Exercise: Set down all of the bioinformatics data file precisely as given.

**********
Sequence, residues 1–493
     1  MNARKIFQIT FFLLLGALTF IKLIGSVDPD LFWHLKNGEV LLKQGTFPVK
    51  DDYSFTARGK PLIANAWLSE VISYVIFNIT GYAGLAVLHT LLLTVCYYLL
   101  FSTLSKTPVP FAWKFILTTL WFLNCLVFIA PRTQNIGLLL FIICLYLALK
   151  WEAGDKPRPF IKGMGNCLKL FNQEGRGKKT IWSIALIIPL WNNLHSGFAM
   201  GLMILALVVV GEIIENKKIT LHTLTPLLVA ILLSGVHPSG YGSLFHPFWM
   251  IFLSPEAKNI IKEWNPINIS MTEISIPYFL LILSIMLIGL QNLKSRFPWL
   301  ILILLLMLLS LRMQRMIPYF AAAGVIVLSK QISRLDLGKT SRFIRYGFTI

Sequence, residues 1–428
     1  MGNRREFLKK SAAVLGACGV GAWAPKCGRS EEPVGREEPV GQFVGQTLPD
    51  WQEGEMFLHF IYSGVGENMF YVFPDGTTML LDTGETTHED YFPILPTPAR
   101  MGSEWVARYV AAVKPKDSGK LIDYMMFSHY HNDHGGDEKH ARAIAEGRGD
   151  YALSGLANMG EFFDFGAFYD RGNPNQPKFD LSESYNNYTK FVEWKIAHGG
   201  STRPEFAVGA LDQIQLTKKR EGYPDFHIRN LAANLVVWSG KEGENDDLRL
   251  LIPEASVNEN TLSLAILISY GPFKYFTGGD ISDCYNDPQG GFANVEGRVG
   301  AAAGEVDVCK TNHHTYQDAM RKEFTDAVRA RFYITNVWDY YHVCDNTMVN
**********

Sequence, residues 1–493
     1  MNARKIFQIT FFLLLGALTF IKLIGSVDPD LFWHLKNGEV LLKQGTFPVK
    51  DDYSFTARGK PLIANAWLSE VISYVIFNIT GYAGLAVLHT LLLTVCYYLL
   101  FSTLSKTPVP FAWKFILTTL WFLNCLVFIA PRTQNIGLLL FIICLYLALK
   151  WEAGDKPRPF IKGMGNCLKL FNQEGRGKKT IWSIALIIPL WNNLHSGFAM
   201  GLMILALVVV GEIIENKKIT LHTLTPLLVA ILLSGVHPSG YGSLFHPFWM
   251  IFLSPEAKNI IKEWNPINIS MTEISIPYFL LILSIMLIGL QNLKSRFPWL
   301  ILILLLMLLS LRMQRMIPYF AAAGVIVLSK QISRLDLGKT SRFIRYGFTI

Sequence, residues 1–428
     1  MGNRREFLKK SAAVLGACGV GAWAPKCGRS EEPVGREEPV GQFVGQTLPD
    51  WQEGEMFLHF IYSGVGENMF YVFPDGTTML LDTGETTHED YFPILPTPAR
   101  MGSEWVARYV AAVKPKDSGK LIDYMMFSHY HNDHGGDEKH ARAIAEGRGD
   151  YALSGLANMG EFFDFGAFYD RGNPNQPKFD LSESYNNYTK FVEWKIAHGG
   201  STRPEFAVGA LDQIQLTKKR EGYPDFHIRN LAANLVVWSG KEGENDDLRL
   251  LIPEASVNEN TLSLAILISY GPFKYFTGGD ISDCYNDPQG GFANVEGRVG
   301  AAAGEVDVCK TNHHTYQDAM RKEFTDAVRA RFYITNVWDY YHVCDNTMVN